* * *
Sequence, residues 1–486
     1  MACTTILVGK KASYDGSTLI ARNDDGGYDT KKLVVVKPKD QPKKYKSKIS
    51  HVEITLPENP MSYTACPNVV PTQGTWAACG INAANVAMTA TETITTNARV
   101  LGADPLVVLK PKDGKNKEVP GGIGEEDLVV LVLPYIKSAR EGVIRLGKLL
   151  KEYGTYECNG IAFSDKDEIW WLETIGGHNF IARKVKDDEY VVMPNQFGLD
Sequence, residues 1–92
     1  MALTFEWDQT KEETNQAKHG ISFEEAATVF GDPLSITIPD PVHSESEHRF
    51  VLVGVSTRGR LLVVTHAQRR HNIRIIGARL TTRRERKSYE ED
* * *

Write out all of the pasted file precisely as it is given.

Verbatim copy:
Sequence, residues 1–486
     1  MACTTILVGK KASYDGSTLI ARNDDGGYDT KKLVVVKPKD QPKKYKSKIS
    51  HVEITLPENP MSYTACPNVV PTQGTWAACG INAANVAMTA TETITTNARV
   101  LGADPLVVLK PKDGKNKEVP GGIGEEDLVV LVLPYIKSAR EGVIRLGKLL
   151  KEYGTYECNG IAFSDKDEIW WLETIGGHNF IARKVKDDEY VVMPNQFGLD
Sequence, residues 1–92
     1  MALTFEWDQT KEETNQAKHG ISFEEAATVF GDPLSITIPD PVHSESEHRF
    51  VLVGVSTRGR LLVVTHAQRR HNIRIIGARL TTRRERKSYE ED